Mark Chancey let himself go — big time — but that’s all changed
In June I ran into an old acquaintance I had not seen in a decade. I had no idea who he was until he told me and even then I was doubtful. I know facial features are bound to change in a 10-year span, but the man standing before me bore no resemblance to the man I once knew
Ten years ago, Mark Chancey weighed himself on the bathroom scales. He was 351 pounds and at a crossroads in his life. At that moment, he decided to change his life dramatically, to get back into shape, back closer to the high-school and varsity athlete he was before he let it all slide. Shown here: Chancey runs the Socitabank marathon on Toronto. — Submitted photos
Here’s his story.
Mark Chancey was an athlete during his high school years in Ontario. He played varsity football, rugby and golf. But all that changed in the years following high school. Mark moved back to St. John’s and enrolled in Memorial University where he became a couch potato. His evenings consisted of kicking back to watch TV in the company of a large bag of chips, a chocolate bar and a soft drink.
“Every night ended with eating,” says Mark. “We used to spend a lot of time on George Street and then we’d come back and eat.”
It didn’t take long for Mark’s weight to creep up. Soon the size large shirts he wore no longer fit. He moved up to extra large. Then XL changed to 2XL. When 2XL became 3XL, Mark suspected he had reached 300 pounds.
“For a long time I didn’t get on scales,” says Mark. “You don’t need scales to tell you you’re gaining weight.”
It wasn’t until Mark’s 31st birthday on Jan. 11, 2003, that he decided to change how he lived. He had graduated from Memorial and was working as manager of marketing and information services with Metrobus, the same job he does today.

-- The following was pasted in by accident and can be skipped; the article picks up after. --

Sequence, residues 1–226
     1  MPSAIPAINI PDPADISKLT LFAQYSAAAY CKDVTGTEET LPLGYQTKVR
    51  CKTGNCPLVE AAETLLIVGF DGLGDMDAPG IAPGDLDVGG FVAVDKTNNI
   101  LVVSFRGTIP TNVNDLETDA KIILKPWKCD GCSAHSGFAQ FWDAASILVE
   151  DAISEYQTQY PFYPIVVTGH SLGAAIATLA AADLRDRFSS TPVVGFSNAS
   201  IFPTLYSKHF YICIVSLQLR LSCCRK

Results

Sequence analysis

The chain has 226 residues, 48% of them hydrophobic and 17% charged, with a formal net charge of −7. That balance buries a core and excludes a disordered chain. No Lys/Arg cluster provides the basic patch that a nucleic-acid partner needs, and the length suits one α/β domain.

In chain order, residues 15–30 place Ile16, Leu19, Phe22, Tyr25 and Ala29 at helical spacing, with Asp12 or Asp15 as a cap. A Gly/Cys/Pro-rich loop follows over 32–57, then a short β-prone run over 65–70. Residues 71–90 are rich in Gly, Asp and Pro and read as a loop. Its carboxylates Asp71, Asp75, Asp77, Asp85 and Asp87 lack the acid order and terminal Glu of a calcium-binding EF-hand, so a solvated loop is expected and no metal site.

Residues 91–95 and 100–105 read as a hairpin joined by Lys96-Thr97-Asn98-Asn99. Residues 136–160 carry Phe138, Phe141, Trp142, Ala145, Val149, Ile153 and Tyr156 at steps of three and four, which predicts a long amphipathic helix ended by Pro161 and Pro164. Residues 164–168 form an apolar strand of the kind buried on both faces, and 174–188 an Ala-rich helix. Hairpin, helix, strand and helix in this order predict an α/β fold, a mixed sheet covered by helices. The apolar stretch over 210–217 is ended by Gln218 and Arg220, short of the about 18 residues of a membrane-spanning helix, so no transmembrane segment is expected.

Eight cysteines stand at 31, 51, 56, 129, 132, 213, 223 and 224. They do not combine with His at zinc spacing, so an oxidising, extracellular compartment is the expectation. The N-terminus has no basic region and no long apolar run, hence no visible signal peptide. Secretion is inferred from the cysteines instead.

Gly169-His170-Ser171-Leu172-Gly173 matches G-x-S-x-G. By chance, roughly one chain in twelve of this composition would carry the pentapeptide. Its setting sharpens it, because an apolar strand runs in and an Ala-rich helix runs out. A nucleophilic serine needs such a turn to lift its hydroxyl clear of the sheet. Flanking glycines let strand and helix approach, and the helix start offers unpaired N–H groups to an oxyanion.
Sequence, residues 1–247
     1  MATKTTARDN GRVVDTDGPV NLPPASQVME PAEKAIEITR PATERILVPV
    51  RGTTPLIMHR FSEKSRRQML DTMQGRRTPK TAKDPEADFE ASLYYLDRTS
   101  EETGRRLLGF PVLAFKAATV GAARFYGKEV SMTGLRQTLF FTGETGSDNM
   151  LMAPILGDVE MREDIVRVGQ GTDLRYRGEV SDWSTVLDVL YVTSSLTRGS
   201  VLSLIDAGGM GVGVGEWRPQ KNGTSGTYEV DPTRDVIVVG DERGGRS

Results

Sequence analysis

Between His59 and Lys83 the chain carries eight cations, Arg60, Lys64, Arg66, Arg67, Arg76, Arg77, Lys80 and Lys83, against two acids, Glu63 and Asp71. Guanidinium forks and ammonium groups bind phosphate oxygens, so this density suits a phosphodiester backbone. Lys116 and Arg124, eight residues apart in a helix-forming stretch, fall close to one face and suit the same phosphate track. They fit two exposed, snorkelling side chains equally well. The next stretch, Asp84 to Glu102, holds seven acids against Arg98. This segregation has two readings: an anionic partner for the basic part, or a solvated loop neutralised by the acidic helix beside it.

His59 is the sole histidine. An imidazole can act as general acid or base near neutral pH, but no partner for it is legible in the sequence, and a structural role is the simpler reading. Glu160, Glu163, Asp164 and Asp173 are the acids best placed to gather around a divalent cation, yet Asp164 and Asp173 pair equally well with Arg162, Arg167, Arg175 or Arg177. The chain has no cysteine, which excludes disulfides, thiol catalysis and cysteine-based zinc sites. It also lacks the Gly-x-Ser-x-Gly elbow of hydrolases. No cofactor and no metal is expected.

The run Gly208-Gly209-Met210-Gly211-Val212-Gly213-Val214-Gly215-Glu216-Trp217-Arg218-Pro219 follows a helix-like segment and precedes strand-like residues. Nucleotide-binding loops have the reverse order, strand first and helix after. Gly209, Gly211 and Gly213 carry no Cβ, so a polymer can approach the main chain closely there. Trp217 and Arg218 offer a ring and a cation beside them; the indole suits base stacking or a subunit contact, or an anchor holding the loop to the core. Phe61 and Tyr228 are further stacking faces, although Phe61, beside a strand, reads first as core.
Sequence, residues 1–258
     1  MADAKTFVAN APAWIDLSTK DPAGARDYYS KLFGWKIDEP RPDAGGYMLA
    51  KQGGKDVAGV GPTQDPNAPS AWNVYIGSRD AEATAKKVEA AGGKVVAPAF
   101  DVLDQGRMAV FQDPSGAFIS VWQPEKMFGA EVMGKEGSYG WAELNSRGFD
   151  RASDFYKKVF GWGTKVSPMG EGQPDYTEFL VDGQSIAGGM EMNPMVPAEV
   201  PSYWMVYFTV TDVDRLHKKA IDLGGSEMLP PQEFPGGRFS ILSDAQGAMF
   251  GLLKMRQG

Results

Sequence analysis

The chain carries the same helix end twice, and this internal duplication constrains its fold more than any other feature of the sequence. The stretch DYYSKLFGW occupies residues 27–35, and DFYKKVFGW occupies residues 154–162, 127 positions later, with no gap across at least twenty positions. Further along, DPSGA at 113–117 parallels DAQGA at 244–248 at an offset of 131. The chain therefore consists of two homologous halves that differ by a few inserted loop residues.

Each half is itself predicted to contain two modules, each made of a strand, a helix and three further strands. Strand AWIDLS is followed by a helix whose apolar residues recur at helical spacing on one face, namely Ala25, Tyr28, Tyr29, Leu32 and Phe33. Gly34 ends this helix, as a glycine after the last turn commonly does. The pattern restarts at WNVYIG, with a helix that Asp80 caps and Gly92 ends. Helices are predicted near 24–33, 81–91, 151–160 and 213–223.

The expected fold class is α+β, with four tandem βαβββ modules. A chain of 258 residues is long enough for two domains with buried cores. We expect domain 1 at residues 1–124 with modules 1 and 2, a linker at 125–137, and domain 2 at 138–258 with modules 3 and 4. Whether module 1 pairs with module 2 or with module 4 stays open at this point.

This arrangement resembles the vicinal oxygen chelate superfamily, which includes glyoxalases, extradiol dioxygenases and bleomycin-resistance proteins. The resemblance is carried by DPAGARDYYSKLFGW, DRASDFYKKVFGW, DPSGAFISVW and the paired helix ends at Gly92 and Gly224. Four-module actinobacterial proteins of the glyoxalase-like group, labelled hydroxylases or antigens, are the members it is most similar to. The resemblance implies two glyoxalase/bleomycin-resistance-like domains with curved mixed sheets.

“My 31st birthday was a memorable one, but for all the wrong reasons,” he writes. “I’m not exactly sure why, but on that Saturday morning in 2003, I decided to jump on the bathroom scales, a chore I had avoided simply because I knew the news would not be good and I hadn’t been prepared to face reality. I can remember looking down at the LED screen on the scale, waiting for it to throw back a number. Next, I recall slowly lifting my head back up and staring into the mirror, horrified with what I had just seen …”
Shocked by weight
What Mark had seen staring up at him was 351 pounds.
“My feelings of shock and bewilderment (turned) to disgust. How could I, an above average high-school athlete, a rugby player, a football player, a golfer, an active person, have turned into what was looking back at me in the mirror? I had always known I had put on weight over the years. I even thought I was getting close to 300 lbs. But when I saw 351 lbs on that fateful morning, it became clear rather quickly that change was inevitable.
“I didn’t want to be ‘cuddly’ anymore. I didn’t want to wear triple extra large shirts and 46 inch-waisted pants. I wanted to be an athlete. I wanted to be in shape.”
I asked Mark if a trip to the doctor had made him change. “A lot of people have asked me if there was one defining moment when I decided I had to make a change. For me, it wasn’t a doctor’s warning; it wasn’t a heart attack or any other weight-related medical problem.
“That morning in my bathroom was it for me.”
Mark then took it upon himself to put together a walking program. “I distinctly recall I broke a sweat getting ready to go for that first walk. But I’m that type of personality — if I say I’ll do something, I stick with it.”
And, unbelievably, Mark’s own program paid off. To the point that seven months later he was able to run/walk 10 miles.
“I gave up the Doritos, Pepsi and chocolate bars I was eating every night. I gave up alcohol altogether. I wrote down everything I ate. If you write it down you’re accountable to yourself,” he explains.
“My favourite food is pizza. I ate it every Friday. I still eat it, but just two or three pieces,” says Mark explaining it wasn’t only unhealthy food choices he had a problem with, but also portion sizes.
So, throughout 2003, Mark continued to walk and record what he ate. He even began running.
“I was a runner before. I knew what was involved. The following July I did my first Tely.”
A little while later, a co-worker asked Mark if he could run with him. Mark, being Mark, not only said yes, but suggested inviting other employees to participate and the Metrobus running club was born — Tenacity to Finish, or T2F for short.